Published on September 27, 2007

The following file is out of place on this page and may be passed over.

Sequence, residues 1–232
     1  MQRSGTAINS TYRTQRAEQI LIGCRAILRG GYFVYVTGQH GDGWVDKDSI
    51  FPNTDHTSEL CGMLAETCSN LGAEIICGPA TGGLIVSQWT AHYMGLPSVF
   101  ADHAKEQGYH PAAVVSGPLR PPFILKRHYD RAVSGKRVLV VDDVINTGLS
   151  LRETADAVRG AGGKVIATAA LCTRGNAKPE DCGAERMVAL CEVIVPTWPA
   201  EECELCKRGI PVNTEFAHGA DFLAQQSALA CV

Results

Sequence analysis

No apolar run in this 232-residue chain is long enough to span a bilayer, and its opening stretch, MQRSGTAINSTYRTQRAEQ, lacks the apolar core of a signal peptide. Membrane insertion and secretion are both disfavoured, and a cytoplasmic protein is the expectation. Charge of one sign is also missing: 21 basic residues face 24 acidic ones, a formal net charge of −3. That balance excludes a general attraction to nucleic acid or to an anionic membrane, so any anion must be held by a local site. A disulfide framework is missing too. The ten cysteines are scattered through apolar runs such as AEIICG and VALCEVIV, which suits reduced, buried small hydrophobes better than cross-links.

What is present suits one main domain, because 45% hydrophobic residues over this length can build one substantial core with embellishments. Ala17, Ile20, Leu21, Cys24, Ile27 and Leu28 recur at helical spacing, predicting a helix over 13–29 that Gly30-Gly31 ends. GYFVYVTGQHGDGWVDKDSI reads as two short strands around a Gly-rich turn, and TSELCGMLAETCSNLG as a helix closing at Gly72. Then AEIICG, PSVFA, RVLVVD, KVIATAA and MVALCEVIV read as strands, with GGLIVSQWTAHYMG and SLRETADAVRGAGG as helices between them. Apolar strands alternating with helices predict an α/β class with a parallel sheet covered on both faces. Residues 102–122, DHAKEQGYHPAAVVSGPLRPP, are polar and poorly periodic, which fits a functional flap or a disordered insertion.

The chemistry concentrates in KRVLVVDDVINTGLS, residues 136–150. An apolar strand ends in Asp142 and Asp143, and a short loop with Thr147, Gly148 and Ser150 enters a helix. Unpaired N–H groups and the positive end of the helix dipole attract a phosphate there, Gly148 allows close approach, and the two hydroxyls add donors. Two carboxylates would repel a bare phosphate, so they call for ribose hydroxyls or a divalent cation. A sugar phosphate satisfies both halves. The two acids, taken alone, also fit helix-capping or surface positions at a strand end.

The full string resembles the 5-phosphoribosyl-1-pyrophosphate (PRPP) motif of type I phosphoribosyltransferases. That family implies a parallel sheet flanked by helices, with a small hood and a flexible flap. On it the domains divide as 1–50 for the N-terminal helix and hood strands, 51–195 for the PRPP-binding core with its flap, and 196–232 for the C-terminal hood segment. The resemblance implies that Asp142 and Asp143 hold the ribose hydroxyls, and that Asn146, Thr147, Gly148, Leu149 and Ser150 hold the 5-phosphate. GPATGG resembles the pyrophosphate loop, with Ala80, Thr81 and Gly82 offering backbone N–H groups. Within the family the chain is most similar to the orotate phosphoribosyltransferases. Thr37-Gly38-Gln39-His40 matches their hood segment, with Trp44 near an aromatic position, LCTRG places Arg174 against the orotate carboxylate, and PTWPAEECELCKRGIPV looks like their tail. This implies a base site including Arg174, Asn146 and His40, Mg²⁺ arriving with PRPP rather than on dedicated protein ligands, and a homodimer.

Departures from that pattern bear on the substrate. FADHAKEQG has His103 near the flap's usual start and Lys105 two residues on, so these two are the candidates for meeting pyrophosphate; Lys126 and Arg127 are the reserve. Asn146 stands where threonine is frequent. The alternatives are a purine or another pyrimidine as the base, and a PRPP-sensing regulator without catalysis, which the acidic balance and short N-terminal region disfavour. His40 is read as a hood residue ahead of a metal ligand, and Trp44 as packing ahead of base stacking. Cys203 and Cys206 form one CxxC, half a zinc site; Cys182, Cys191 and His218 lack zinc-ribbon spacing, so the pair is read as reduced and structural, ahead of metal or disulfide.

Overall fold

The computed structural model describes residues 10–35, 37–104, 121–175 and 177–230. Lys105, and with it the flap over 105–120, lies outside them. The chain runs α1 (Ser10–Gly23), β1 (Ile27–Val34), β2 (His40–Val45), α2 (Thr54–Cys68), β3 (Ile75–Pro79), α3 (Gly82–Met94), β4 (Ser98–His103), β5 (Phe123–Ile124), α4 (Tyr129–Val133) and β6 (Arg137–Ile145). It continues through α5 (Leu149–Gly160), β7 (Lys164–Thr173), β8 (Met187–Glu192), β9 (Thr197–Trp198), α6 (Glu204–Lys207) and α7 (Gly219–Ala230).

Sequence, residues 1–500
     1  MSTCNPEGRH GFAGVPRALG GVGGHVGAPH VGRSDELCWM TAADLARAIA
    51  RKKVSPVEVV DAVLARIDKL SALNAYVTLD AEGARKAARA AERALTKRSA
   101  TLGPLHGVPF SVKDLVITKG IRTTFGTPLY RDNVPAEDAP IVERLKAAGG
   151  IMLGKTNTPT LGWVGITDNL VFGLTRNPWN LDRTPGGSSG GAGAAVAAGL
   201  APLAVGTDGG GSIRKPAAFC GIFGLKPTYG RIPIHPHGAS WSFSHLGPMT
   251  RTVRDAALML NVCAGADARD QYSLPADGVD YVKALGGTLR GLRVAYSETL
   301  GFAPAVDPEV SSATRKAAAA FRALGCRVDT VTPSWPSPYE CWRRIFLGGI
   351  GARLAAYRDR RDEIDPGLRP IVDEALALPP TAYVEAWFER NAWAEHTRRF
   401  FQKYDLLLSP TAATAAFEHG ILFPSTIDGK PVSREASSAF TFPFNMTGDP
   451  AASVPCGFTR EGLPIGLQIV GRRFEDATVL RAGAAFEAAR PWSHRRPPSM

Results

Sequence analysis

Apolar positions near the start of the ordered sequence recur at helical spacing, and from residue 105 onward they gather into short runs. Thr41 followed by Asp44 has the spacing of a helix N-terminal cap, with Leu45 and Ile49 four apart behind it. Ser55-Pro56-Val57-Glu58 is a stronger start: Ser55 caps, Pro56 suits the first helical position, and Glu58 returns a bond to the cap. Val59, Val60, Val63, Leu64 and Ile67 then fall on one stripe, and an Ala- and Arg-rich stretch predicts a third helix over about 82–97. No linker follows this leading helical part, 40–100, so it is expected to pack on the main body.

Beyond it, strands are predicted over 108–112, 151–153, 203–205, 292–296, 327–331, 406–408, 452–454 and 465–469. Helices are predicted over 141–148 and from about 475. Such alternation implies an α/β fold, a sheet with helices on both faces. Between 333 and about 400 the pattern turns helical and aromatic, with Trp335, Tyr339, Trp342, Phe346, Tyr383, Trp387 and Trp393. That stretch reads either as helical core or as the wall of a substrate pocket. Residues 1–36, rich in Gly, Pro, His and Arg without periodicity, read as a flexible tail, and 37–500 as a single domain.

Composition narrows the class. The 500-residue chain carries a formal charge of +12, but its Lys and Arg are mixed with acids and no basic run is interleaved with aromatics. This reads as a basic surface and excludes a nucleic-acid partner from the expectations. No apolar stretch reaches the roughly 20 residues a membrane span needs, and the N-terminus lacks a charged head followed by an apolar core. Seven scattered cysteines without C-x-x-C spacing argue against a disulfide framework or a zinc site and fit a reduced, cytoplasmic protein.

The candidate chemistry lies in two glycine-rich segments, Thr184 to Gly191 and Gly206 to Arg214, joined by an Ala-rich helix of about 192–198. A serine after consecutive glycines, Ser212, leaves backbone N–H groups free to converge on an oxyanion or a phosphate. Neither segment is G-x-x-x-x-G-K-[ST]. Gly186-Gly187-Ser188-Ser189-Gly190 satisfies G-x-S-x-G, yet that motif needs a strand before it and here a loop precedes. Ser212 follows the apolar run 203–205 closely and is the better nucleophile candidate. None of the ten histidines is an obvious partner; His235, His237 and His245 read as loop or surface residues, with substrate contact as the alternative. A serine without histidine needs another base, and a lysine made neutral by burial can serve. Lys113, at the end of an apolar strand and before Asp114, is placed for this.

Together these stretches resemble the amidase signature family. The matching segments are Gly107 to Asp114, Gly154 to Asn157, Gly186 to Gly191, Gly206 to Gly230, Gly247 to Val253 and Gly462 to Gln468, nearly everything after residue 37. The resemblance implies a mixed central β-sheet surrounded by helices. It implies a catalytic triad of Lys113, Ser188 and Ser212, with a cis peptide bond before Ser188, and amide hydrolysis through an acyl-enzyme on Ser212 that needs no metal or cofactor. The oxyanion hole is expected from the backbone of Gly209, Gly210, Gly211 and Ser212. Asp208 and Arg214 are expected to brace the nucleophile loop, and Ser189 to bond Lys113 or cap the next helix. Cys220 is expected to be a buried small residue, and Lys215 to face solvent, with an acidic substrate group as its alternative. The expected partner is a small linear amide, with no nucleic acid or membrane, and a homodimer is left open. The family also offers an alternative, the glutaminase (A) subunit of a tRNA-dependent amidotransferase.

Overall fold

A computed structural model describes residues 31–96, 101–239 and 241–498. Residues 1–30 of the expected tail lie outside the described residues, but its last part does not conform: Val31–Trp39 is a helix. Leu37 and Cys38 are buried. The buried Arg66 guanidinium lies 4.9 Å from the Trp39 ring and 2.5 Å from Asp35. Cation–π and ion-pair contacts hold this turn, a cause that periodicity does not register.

Gogol at the Edge of Being: Gogol at the Edge of Being Nikolai Gogol 1809-1852 Slide2: All happy families resemble one another; every unhappy family is unhappy in its own way. Why am I just a titular councillor? : Why am I just a titular councillor? A court chamberlain doesn’t have a third eye in the middle of his forehead, and his nose isn’t made of gold either. It’s just like mine or anyone else’s: he uses it to sniff or sneeze with, but not for coughing. Several times I’ve tried to discover the reason for these differences. Why am I just a titular councillor? Perhaps I’m really a count or a general and am merely imagining I’m a titular councillor? Perhaps I don’t really know who I am at all? […] I should like to know why I’m a titular councillor? Why precisely a titular councillor? (DM 32) he was fated to be a titular councillor : he was fated to be a titular councillor And that was how he became Akaky Akakievich. The child was christened and during the ceremony he burst into tears and made such a face it was plain that he knew there and then that he was fated to be a titular councillor. […] Subsequently everyone came to believe that he had come into this world already equipped for his job, complete with uniform and bald patch. (DM 73) Petersburg Tales: Petersburg Tales The Overcoat (1842) - outer garment as vestimentary marker Diary of a Madman (1835) - linguistic expression of inner thoughts The Nose (1835) - bodily organ with independent life Akaky’s life of copying: Akaky’s life of copying [changing a few verbs from the first person to the third] caused him so much trouble that he broke out in a sweat, kept mopping his brow, and finally said: “No, you’d better let me stick to plain copying”. After that they left him to go on copying for ever and ever. Apart from this copying nothing else existed as far as he was concerned. (DM 75) Appendage and displacement: Appendage and displacement “The Overcoat” both draws on and transcends the best of Gogol’s previous work. […] Like “Diary of a Madman”, it deals with the privations of a petty clerk and with his pathetic rebellion; like “The Nose”, it is filled with spurious logic and shot through with absurdity. Like all the stories, it deals with displacement. […] Donald Fanger Outline and inversion: Outline and inversion Outline: at the edge of being Inversion: of being at the edge Latitudes 50o to 60o N: Latitudes 50o to 60o N Kiev to Petersburg “Thoughts on Geography (for children)”: “Thoughts on Geography (for children)” In the first [stage the child] must familiarize himself with no more than a comprehensive outline of the whole world, and such an outline will awaken his attention fully and show him the entire breadth and colossality of the world of geography. Ukraine: Ukraine Krai = border, edge, brink U = by, at Krainii = extreme Kiev (Kievan Rus) – Moscow - Petersburg Petersburg Notes of 1836 : Petersburg Notes of 1836 Indeed, where was the Russian capital cast - to the edge of the world! The Russian people are strange: the capital was in Kiev - too warm; not cold enough; the Russian capital moved to Moscow, but no, it isn’t cold enough there either: by God let’s have Petersburg! The Russian capital will do a keen trick if it snuggles up to the icy pole. I am saying this since its mouth waters just to get a closer look at the polar bears. ‘Seven hundred versts just to run away from Mother Moscow! What restless feet!’ - say the people of Moscow, screwing up their eyes at the Finnic land. But then, what weird wilderness lies between the mother and son. ... Petersburg Notes of 1836 : Petersburg Notes of 1836 But what a difference, what a difference there is between the two! She is still a Russian beard, but he is already a punctilious German. How old Moscow has spread out and broadened! How disheveled she is! How the dandy Petersburg has drawn himself together, standing at attention! There are mirrors on every side of him; the Neva here, the Gulf of Finland there. He always has something in which to see himself. Arabesques (1835): Arabesques (1835) Edgar Allan Poe, Tales of the Grotesque and Arabesque (1840) Friedrich Schlegel (1800) defined arabesque as “centring on the blending of heterogeneous elements, notably chaos and system” Russia as mixture of chaos and system Russia as chaos and system: Russia as chaos and system Petersburg - new and strange city as a distorting mirror Cossacks - consist of “European caution and Asiatic carefreeness, simplicity and cunning, strong vitality and lethargic comfort, attempts at development and perfection - and at the same time the desire to appear contemptuous of every perfection.” The Cossacks: The Cossacks Because of this intermixing, their facial features, at first so different, acquired a common, more Asiatic appearance and that’s how the nation came into being, belonging to Europe by faith and habitat, but completely Asiatic in lifestyle, customs and dress; a nation in which two opposing parts of the world, two vastly different elements, collided with such strange results: European caution and Asiatic carefreeness, simplicity and cunning, strong vitality and lethargic comfort, attempts at development and perfection - and at the same time the desire to appear contemptuous of every perfection. [Arabesques 108] Inversions in Gogol’s work: Inversions in Gogol’s work Formal: in madman’s diary Verbal : nos (nose) > son (dream) Situational: face of the nose; ghost’s cloak Plot: life of “dead souls”; frame of “portrait” Device: “laughter through tears” Intertextual: Pushkin; Lermontov Cosmic: “Much in history is decided by geography” Parodies of Peter: Parodies of Peter Peter the Great (founder of Petersburg) Important Personage (architect of Akaky’s misfortune) Petrovich, “son of Peter” (designer of the overcoat Ending of The Portrait (1835): Ending of The Portrait (1835) Here the narrator stopped and the people in the audience, who had given him their undivided attention, involuntarily turned their eyes to this strange portrait and, to their surprise, noticed that its eyes had lost all that strange lifelike quality which had so struck them at first. And their amazement was increased even more when the features of the strange picture almost imperceptibly began to disappear as does one’s breath from the surface of clear steel. Only a vague outline remained on the canvas. And when they drew nearer, they saw a certain unfamiliar landscape. Thus the visitors, who were already moving off, remained puzzled for a long time: had they really seen a mysterious portrait, or was it all just a dream, momentarily appearing before their eyes, which were strained by prolonged examination of antique pictures? Boris Eikhenbaum on Gogol: Boris Eikhenbaum on Gogol The centre of gravity is transferred from the theme (which is here reduced to a minimum) to the narrative devices, the most important comic role is given to puns.... Comical effects are achieved by the manner of narration. As always in Gogol, these sentences stand outside of time, outside the moment - motionless and once and for all: language in which puppets might talk. Equally contrived is Gogol’s own language - his narration. Boris Eikhenbaum on Gogol: Boris Eikhenbaum on Gogol The style of the grotesque demands, in the first place, that the described situation or event be contained in a world small to the point of the fantastic, of artificial experiences ... completely cut off from the larger reality ... Gogol valued just this fantastically limited, closed-in structure of thoughts, feelings and desires within the narrow boundaries of which the artist is at liberty to exaggerate details and upset the usual proportions of the world. The grotesque: The grotesque Defining feature of the grotesque, according to Eikhenbaum, is that the small is exaggerated, while the great is minimized. This is the master inversion of all Gogol’s fiction that determines all the other inversions. What we would normally regard as important, we see only in outline, while what we would normally overlook is subject to the most minute examination. Slide24: True life is lived when tiny changes occur.